M:                                      Don’t be silly, Moneypenny. You’ve got the genre wrong again.

(And then, mimicking Edith Evans’ tone as she addresses Miss Prism in the 1952 film version of Oscar Wilde’s  The Importance of Being Earnest. )

M:                                      007, where is that timesheet? Where is that expense form?

Q:                                       I warned you, 007. No excuses this time. I even installed the systems@work App on your mobile. You can use it anywhere, offline or online. Let me show you.

(Q accidentally shows us the logo and splash screen again.)

Bond:                                Back in your train spotter’s box, Q! You’re sounding like a salesman. I’m not stupid. I understood you the first time, when you showed me the App near the start of the film. M, you think I don’t take compliance seriously? Where would the Service be without compliance? I gave all my receipts to Moneypenny yesterday. And in any case, you both know I can’t use my phone. I used it to kill a sneering oligarch, and I’m waiting for a replacement. Actually, whilst we’re on the subject, can I get an iPhone this time?

M:                                      Barbara, actually, can we all have iPhones in the next film?

Moneypenny:                  He’s right, M.  Yes, 007, I’m your Proxy, and I’ve submitted your expenses and timesheet for you. But you’ve still got to confirm them in the system.

Q:                                       Ah, yes, we configured it that way deliberately, to make life easier for our so-called indispensable agents. You can, I understand, omit the confirmation stage.

Home Secretary:             Yes, it’s a useful feature. In the House of Commons we do all our own expenses now, ever since that tiny spot of bother a few years ago. We use expense@work, a sister product to time@work, another highly configurable software package from the software author systems@work. It’s easy to use and almost idiot proof (ha, ha, ha, it has to be, if I’m to use it!). Why should you have special license, 007?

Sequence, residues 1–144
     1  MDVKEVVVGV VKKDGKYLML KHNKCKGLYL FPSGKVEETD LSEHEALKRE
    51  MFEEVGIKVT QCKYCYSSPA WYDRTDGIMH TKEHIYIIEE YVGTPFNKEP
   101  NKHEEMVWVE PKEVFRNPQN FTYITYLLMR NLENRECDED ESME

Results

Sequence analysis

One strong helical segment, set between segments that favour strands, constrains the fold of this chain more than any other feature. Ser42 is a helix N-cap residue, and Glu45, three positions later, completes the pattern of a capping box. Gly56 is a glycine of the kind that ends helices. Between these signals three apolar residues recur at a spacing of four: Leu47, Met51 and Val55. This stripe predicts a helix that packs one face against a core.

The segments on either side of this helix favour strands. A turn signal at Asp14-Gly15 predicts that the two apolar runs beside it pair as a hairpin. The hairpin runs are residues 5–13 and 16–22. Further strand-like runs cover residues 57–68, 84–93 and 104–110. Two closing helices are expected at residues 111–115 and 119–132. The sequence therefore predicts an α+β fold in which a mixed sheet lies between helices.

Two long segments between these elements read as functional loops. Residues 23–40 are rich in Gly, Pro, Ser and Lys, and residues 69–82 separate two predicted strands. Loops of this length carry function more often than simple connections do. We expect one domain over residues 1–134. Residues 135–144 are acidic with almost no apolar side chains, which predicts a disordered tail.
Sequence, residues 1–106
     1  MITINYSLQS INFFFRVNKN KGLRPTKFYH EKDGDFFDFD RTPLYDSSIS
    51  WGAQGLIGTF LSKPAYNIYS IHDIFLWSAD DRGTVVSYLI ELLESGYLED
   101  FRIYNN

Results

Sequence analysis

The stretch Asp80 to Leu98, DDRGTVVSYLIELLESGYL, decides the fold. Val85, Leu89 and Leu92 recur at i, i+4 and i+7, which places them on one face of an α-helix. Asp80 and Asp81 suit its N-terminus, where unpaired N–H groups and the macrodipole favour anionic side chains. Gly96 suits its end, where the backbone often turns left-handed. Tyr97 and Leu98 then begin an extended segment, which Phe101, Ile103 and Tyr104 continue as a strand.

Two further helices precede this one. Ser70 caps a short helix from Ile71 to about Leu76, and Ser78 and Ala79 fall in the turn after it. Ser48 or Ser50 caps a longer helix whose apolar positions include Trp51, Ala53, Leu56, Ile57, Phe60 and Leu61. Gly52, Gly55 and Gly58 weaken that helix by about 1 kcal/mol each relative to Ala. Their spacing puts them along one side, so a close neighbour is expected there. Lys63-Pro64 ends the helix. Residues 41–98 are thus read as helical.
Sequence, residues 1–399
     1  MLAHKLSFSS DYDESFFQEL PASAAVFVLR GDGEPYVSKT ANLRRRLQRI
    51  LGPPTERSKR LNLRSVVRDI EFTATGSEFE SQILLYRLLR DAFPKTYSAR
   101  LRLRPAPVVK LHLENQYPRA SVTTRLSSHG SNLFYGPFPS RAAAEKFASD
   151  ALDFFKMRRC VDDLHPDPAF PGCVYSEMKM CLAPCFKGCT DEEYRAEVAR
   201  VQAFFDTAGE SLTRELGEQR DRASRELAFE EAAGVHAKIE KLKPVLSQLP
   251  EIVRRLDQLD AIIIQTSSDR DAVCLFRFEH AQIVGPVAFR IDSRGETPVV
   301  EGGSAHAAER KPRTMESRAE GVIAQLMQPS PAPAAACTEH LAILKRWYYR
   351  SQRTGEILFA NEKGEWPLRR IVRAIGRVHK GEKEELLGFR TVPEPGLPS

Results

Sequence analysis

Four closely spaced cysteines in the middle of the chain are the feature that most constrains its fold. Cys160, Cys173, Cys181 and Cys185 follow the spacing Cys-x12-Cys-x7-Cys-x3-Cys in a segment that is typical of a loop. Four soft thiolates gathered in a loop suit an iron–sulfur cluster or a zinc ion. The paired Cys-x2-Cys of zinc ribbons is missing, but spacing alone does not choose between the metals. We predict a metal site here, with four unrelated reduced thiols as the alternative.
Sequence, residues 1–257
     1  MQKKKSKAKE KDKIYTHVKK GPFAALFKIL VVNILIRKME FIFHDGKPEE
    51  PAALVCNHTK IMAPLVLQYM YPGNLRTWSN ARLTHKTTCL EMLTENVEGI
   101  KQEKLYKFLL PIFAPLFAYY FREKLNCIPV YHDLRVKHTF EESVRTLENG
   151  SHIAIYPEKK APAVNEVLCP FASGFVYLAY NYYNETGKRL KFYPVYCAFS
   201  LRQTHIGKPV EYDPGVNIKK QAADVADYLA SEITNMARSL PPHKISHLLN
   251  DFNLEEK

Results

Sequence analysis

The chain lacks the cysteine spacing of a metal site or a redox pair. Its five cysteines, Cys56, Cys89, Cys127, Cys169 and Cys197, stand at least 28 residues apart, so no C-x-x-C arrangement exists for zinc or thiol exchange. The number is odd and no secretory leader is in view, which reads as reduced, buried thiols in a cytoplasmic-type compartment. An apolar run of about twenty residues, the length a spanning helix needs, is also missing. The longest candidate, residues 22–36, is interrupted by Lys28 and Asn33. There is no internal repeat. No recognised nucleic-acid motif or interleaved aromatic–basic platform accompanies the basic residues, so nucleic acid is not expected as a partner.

(Bond reaches for Moneypenny’s PC, swivels the screen with a violent gesture and a look that suggests at once both defiance and compliance (Mr Craig is a master of this kind of look)).

Bond:                                Let me login and confirm them whilst there’s still time.

(We see Bond confirming his timesheet (see below for suggested content) and then, if he’s quick enough, his expenses, too. Music starts and film ends.)


Barbara, I’d be happy to offer a barter deal if you feel a large payment isn’t possible. I feel sure that timesheets and expenses could be of great benefit to your production staff and cast during the making of the next Bond film, and, if it would help, we can throw in free training for the stars.

With best wishes,

Adam Bager – Chairman, systems@work


Sadly, I never got a reply from Barbara, but I’ll write again for the next film. With good racy dialogue, such as the above, time@work could seem just as alluring and essential as an Aston Martin, a Sony mobile or an Omega watch.

Bond’s Busy Week

Timesheet 007

Fragile and Vulnerable, but Marvellous When it Works

If there’s something worrying me when I go to bed, I dream that I’ve got to play an oboe concerto. The score is missing, or I haven’t a good reed, or the piece is far too difficult. I wake up relieved, and only a tiny bit regretful that I am not a professional musician. Such were my dreams on Monday night.

But the task on Tuesday morning was nevertheless a performance. I must wake at 3.30 am to present time@work, our timesheet software, to a roomful of lawyers in Singapore. I am in Sofia, six hours behind them.


I’ve sent out the Webex invitation earlier. Webex is a software tool that enables you to share your screen with people all over the world. My partners in business, Ramesh and Charles from Kuala Lumpur, are in the room in Singapore and they’ll project my PC via their PC and a projector, onto a screen. We’ll talk through Skype, and they’ll pass an iPad around the room so that people can ask me questions. I will never know what they look like, or if they are smiling or frowning, or even listening.

This is fabulous technology. Cheaper than flying to Singapore and back.

So, I ‘m awake at 3.30 in a hotel in Sofia. Quick shower, and then down to the lobby, where I’m told the WiFi network is more reliable. It’s dark, but the receptionist is standing behind reception (he has no chair, poor man, so I suppose sleeps at his post like a horse, standing up). He works 8 am to 8 pm, he tells me, two days on, two days off. He is nevertheless cheerful.

Yes, he can make me a cup of tea. This is marvellous news. Without tea, I am useless.